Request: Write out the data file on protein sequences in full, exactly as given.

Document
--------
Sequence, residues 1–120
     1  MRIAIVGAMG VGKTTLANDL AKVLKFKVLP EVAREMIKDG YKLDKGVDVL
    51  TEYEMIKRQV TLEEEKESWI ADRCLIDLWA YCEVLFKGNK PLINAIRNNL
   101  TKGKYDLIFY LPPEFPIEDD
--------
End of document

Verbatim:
Sequence, residues 1–120
     1  MRIAIVGAMG VGKTTLANDL AKVLKFKVLP EVAREMIKDG YKLDKGVDVL
    51  TEYEMIKRQV TLEEEKESWI ADRCLIDLWA YCEVLFKGNK PLINAIRNNL
   101  TKGKYDLIFY LPPEFPIEDD